God it looks so good doesn’t it?

(‘Didn’t you already do a post about that sandwich?’ Belle asks, looking over my shoulder as I type. ‘I did,’ I say, ‘but just on Instagram.’ She nods. ‘People deserve to know how it’s made,’ she says, sagely.)

If you ask Belle about my cooking, she will tell you about the ONE TIME that I ALLEGEDLY served her up three solitary, burnt fish fingers for tea and on a fish finger scale, with those at one end, this sandwich is at the other. I cannot thing of anything that could beat it in terms of fish fingery deliciousness.

I thought I’d write a little post telling you how to make it, in the hope that this would then help me process it mentally, and I wouldn’t have to see it in my dreams every night. Fish finger sandwich closure if you will.

So, here’s how to make the ultimate homemade fish finger sandwich. View Post

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Is there any nicer way to start the day than with pudding? No is the answer, especially on a Monday, as I proved to myself conclusively this Monday morning by making a cherry and dark chocolate clafoutis and eating it for breakfast.

I’ve never eaten a cherry clafoutis before, let alone cooked one, so I wasn’t sure what to expect – something cakey maybe? In pictures it looks a bit like a sponge? It wasn’t like that at all. It was much lighter and more delicious and gave me that happy face when something is so good that you scrunch up your shoulders a little bit, and your eyes, and do a contented sigh.

I’d say a cherry clafoutis is a bit more like a baked egg custard (which I love) but with a teeny bit more texture. Because Bee became severely gluten intolerant while she was pregnant, I always try to think about how I can make my recipes gluten free and with the cherry clafoutis it’s simple – just switch regular flour for ground almonds. Almonds and cherries always work brilliantly together, and to be honest even if you’re not particularly wanting to make a gluten free clafoutis, it’s worth making the switch anyway.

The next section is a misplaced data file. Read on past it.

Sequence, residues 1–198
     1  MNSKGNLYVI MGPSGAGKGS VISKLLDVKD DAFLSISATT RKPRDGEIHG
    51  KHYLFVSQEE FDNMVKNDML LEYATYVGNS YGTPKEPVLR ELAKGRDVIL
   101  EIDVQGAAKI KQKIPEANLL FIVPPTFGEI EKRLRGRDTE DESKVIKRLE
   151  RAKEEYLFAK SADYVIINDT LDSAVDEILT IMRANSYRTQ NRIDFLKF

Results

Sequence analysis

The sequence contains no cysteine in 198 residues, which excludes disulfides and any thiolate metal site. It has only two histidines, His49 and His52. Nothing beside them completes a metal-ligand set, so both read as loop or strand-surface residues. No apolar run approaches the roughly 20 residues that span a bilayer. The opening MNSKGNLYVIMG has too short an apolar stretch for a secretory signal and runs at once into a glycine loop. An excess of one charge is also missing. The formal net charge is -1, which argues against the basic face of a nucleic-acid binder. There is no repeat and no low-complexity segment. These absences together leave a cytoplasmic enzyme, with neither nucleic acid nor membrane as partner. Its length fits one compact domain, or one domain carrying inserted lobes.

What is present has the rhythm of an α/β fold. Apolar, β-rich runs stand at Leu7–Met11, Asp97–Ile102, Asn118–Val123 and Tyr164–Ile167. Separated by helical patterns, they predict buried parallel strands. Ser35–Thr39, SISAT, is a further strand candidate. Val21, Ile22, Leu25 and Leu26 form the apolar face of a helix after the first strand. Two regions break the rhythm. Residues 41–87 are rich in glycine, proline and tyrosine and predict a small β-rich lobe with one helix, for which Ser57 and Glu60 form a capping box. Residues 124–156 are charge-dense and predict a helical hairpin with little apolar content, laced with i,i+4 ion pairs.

I love fresh British cherries at the best of times – so juicy and sweet and such a delicate flavour – but I can’t think that I’ve ever done anything with them other than scoff them straight from the box. (I stuck glace cherries on top of my piña colada cupcakes but that hardly counts).

Cooked cherries were a revelation – warm from the oven, plump and delicious and oozing with flavour, an absolute joy. British cherry season is currently in full swing, and cherries are full of good things like antioxidants and melatonin, which helps promote better sleep, so there’s very little reason not to make a cherry clafoutis really.

In fact, although the whole ‘pudding for breakfast’ thing might seem rather decadent, the cherries in one quarter of my cherry clafoutis count as one of your five a day and will give you 25% of your RDA of vitamin C. Then it’s basically eggs, milk, nuts – a kind of hearty pancake if you will.

cherry and dark chocolate clafoutis View Post

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I’ve been wanting to make a ham and cucumber pizza for ages now.

Every time I make one of my postcard lists it gets transferred – ‘homemade ham and cucumber pizza’ tacked on the bottom of every scrape of paper on my desk. It’s been getting a bit annoying to be honest, and as pizza accounts for two of Belle’s favourite foods (delivered and non-delivered) and eating pizza while watching TV has been shown to be the secret of happiness, I thought it was about time I got on with it.